Friday, June 15, 2007

Chase Bank is Providing Excellent Customer Support Against Phishing Scams!

A Monkey Bob - Consumer Crusader Post

"Customers don’t expect you to be perfect. They do expect you to fix things when they go wrong." - Donald Porter

I recently received an e-mail that claimed to be from Chase Bank. It indicated that I was going to be charged $121.44 by an Internet porn company, unless I immediately responded with verification of my Chase credit card information. I suspected that this was a phishing scam because:

1) This e-mail was not signed by anyone.

2) There was no customer service number to call.

3) If the e-mail actually was from Chase, then they would already have my credit card information, so I wouldn't need to submit it again.

Wikipedia defines phishing as: "a criminal activity using social engineering techniques. Phishers attempt to fraudulently acquire sensitive information, such as usernames, passwords and credit card details, by masquerading as a trustworthy entity in an electronic communication. eBay and PayPal are two of the most targeted companies, and online banks are also common targets. Phishing is typically carried out by email or instant messaging, and often directs users to give details at a website, although phone contact has been used as well. Attempts to deal with the growing number of reported phishing incidents include legislation, user training, and technical measures."

Phishing is currently one of the largest consumer frauds in the world . No one knows exactly how much money is being stolen, but it is estimated to be in the billions -(that's "illions" with a "b"). And the rate of phishing incidents appears to be growing exponentially. Recent government reports indicate that this activity is being taken over by organized crime.

Anyway, back to Monkey Bob. After I suspected that this e-mail was a scam, I sent a copy of it to abuse@chase.com, which is the conduit that Chase recommends for reporting suspicious e-mails. Then I sent a letter to Mr. Jamie Dimon, who is the President and COO of JP Morgan Chase and Co. Today I received a response from Eloy J. Mosley, who is in the Chase Card Service Executive Office.

Mr. Mosley confirmed that I had received a phishing e-mail. He indicated that none of my Chase credit card accounts had been charged. He then went on to explain Chase's guidelines for contacting customers online.

"It is not our practice to:
  • Send (an) e-mail that requires you to enter personal information directly into the e-mail
  • Send (an) e-mail threatening to close your account if you do not take the immediate action of providing personal information
  • Send (an) e-mail asking you to reply by sending personal information
  • Send (an) e-mail asking you to enter your User ID, password, or account numbers into an e-mail or non-secure webpage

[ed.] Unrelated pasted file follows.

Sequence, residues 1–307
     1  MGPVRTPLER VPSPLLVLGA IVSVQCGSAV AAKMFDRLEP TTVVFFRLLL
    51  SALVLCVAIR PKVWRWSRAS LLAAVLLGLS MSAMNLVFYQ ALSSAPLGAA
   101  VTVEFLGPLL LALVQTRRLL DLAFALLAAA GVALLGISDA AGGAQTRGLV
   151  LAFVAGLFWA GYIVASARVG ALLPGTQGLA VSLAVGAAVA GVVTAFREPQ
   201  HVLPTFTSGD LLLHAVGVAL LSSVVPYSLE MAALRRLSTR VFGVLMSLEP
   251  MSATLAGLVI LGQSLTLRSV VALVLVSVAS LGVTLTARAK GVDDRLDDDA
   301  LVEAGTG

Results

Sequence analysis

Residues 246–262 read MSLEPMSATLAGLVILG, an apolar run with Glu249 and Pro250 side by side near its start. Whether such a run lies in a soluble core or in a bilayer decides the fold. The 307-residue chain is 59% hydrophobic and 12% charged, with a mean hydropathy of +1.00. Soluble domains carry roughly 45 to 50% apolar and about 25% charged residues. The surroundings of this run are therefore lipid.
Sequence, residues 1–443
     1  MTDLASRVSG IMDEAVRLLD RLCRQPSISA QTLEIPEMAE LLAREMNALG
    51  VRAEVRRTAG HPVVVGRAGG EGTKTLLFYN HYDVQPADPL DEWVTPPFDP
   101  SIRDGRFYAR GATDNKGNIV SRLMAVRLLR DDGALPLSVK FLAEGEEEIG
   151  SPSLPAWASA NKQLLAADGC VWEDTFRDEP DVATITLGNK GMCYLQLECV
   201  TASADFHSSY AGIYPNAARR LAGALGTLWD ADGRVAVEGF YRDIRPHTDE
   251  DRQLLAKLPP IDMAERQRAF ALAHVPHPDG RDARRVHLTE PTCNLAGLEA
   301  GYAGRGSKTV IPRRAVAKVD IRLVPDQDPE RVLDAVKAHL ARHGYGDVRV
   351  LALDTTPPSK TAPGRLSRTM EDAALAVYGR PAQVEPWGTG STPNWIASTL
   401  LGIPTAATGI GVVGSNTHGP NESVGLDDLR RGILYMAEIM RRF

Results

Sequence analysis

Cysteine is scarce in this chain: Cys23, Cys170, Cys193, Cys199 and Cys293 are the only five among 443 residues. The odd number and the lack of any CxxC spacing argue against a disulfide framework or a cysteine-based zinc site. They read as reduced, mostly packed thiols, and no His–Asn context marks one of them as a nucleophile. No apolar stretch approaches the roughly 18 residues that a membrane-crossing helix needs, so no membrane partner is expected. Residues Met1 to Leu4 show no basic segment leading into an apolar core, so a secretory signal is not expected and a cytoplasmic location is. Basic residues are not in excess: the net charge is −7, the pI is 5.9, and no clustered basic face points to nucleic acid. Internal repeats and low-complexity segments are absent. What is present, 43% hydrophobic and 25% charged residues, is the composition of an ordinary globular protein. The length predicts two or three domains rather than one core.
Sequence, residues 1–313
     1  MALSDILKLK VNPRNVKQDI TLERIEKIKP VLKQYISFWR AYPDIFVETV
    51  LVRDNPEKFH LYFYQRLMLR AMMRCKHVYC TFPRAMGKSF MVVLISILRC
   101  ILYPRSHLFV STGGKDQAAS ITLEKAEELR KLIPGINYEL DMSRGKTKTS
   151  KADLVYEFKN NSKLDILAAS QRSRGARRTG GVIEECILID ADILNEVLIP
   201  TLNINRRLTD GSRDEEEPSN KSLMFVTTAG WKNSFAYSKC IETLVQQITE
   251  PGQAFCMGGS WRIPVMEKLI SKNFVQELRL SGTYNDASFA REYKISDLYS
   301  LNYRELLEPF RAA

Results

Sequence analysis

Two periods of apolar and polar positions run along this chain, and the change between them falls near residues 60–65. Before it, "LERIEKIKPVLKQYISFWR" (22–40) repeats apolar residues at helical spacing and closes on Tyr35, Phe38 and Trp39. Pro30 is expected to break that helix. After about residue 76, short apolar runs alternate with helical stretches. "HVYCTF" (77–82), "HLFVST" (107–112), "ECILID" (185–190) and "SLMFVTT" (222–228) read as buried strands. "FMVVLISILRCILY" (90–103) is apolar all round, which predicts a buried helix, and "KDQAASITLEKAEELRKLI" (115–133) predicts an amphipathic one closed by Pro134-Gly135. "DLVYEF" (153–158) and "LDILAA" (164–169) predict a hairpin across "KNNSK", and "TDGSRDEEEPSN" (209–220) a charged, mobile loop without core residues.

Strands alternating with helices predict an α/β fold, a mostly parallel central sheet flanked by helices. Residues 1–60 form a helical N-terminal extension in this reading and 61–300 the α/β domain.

You should never reply to, click on, or enter any information if you receive a suspicious e-mail."

These are excellent guidelines for any suspicious e-mail.

I lump companies into two categories - 1) those that actively work to support their customers, and 2) those that don't. Chase Bank definitely falls into the first category!

Here I am - Monkey Bob - a regular working guy living in New Jersey. I am not wealthy, have no special connections, and don't possess any political influence. Yet Chase Bank - one of the largest financial institutions in the world - took the time to respond to my letter with comprehensive and helpful information. Kudos to you, Chase Bank for actually caring about your customers, and by backing it up with action! You have moved to the top of my Christmas Card List.

In the twenty first century, no company has "a lock" on their customers. The Internet and related technologies allow customers to have more information and to make more choices about who they will do business with. Chase Bank has embraced the concept that providing excellent customer service is the key to their company's success. I am certain that this philosophy will serve them well in the future.

"If you don't take care of your customers, someone else will."
- Unknown

Note:
Neither I nor any of my primate friends received any compensation from Chase Bank for publishing this post. I felt compelled to do this because I believe that excellence in business should be promoted and rewarded!

2 comments:

Creditseeker said...

I agree.
Customer service is very important part of banking, cause there are a lot of terms hard to understand alone.
As for me, I'm often using customer services.
Talking about phishing... I think that it should be punished as a very grievous crime!

Monkey Bob said...

Thanks for your comments. Over 11,000 visits have been registered at Monkey Prose, but I've had less than a dozen comments. So your communication makes me feel a little less lonely! :-) In the current business environment, NO COMPANY has a lock on their customers. The Internet makes it much easier for consumers to find alternative sources for products are services. You might also want to check out my posts on "cramming". Cramming occurs when dishonest companies add charges to the end of your home phone bill. It is often not detected, so many customers don't even know that they are being ripped off. Good luck with your customer service experiences!